The campaign over the Skripal poisoning: An international war provocation
17 March 2018
The campaign by the imperialist powers in Europe and the United States over the poisoning of former Russian spy and British double agent Sergei Skripal stinks to high heaven. The most far-reaching claims are being made, with the most far-reaching consequences, without any substantiation.
The propaganda offensive is not about what may or may not have happened in a park in Salisbury, England on March 4. It is about creating the pretext for a massive escalation of the war drive in Syria, the broader Middle East, and against Russia itself.
When Skripal and his daughter were first discovered on a park bench, the police declared that establishing what had happened would take weeks, if not months. The British government, however, has wrapped up the case far more quickly than any conventional criminal inquiry.
On March 12, Prime Minister Theresa May’s declared that Russia was “highly likely” to have been responsible for “an indiscriminate and reckless act against the United Kingdom.” This has been followed by the declaration of UK Foreign Minister Boris Johnson Friday that “our quarrel is with Putin’s Kremlin, and with his decision—and we think it overwhelmingly likely that it was his decision—to direct the use of a nerve agent on the streets of the UK.”
The assertions of the British government were endorsed by the US, France and Germany on Thursday, which declared the poisoning “the first offensive use of a nerve agent in Europe since the Second World War.” "It certainly looks like the Russians were behind it,” Trump declared on Thursday, with the administration announcing new sanctions against Russia.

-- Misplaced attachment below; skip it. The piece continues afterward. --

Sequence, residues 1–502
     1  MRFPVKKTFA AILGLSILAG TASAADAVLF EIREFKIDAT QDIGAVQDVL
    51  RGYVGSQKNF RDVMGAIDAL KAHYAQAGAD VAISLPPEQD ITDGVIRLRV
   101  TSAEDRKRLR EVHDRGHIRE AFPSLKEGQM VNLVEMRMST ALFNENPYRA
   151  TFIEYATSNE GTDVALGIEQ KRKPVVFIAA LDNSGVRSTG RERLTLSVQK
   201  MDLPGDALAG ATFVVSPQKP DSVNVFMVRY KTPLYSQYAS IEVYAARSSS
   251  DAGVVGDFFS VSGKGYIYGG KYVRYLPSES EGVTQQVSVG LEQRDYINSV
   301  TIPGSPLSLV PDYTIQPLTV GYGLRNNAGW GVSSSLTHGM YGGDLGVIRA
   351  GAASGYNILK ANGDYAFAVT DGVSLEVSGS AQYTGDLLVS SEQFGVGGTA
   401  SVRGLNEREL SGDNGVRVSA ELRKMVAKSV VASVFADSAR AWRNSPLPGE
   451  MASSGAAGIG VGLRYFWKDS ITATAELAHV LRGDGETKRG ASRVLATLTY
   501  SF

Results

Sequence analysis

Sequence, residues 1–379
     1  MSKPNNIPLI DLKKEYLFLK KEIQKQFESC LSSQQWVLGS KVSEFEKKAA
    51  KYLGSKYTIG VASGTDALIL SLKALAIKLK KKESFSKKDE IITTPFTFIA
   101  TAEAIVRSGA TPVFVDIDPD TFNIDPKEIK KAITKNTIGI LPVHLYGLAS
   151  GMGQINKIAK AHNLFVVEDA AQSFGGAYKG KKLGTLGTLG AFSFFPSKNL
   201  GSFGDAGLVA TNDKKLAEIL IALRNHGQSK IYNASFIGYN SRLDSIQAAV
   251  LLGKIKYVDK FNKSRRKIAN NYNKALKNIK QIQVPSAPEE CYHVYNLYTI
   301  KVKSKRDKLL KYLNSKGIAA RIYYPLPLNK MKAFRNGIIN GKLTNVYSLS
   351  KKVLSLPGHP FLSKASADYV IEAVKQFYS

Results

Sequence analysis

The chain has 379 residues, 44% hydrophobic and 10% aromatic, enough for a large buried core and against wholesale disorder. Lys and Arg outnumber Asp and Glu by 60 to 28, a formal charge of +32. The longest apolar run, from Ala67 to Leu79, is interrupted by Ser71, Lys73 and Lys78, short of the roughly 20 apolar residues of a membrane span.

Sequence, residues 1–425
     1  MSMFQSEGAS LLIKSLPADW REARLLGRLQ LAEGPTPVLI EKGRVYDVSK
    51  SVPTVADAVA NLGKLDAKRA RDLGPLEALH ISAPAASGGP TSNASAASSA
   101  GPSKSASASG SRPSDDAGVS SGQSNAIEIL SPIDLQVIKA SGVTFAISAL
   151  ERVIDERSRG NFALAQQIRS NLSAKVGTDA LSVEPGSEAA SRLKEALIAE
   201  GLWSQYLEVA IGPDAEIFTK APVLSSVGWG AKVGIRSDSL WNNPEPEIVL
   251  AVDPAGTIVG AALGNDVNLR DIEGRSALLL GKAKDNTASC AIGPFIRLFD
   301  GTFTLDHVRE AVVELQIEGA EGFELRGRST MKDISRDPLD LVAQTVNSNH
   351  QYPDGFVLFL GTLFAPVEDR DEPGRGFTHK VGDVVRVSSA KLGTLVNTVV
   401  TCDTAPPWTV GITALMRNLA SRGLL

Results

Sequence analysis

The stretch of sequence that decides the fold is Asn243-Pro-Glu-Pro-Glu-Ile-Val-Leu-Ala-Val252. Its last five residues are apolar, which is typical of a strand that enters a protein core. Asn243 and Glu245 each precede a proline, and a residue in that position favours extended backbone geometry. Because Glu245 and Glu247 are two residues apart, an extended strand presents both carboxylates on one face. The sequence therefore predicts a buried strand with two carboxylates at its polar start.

The rapidity with which the major imperialist policies have signed on to the statements of the UK makes clear that a plan was worked out beforehand. It required only the appropriate occasion to unveil it.
The story as told by the UK government is full of contradictions, without a shred of probative evidence. The entire pretext is based on the analysis coming out of Porton Down, the biochemical warfare facility dedicated to developing weapons of mass destruction, which is located only 10 miles from Salisbury. After first asserting that the poison was a nerve gas like Sarin or VX, the agency now claims that the toxic agent is “of a type developed by Russia,” namely Novichok.
As former UK ambassador and author Craig Murray has noted, the phrase “of a type developed by Russia” is carefully chosen. He cited a source within the British government as confirming that “Porton Down scientists are not able to identify the nerve gas as being of Russian manufacture, and have been resentful of the pressuring being placed on them to do so.”
Even if one were to accept the conclusion of the British government about the use of Novichok—and it has refused to provide samples to Russia or anyone else—this does not constitute proof that Russia directed the attack. The chemical was researched during the era of the Soviet Union. There is no evidence that Russia ever produced it, and it could just as easily have been manufactured in London, Langley or one of the states in the former Soviet Union that are now bitterly hostile to Russia.
And if a Russian was in fact involved, this is a far cry from proving the responsibility of the Russian government.
The Russian government has strenuously denied any involvement. Presidential press secretary Dmitri Peskov said on Friday, “In international practice we never encountered such behavior at the state level when very serious accusations are being brought up against a country—our country in this case—with such wording as ‘apparently,’ ‘most likely’ and so on.” Such an approach, he noted, “contradicts not only international law, but common sense as a whole.”
The Putin regime is deeply reactionary, governing on behalf of a criminal financial oligarchy that grew rich by plundering the assets of the former Soviet Union. But there is no proof that it was involved in the attack on Skripal and many reasons to question why it would want do so, as it provides a ready-made pretext for aggression by the US and Europe.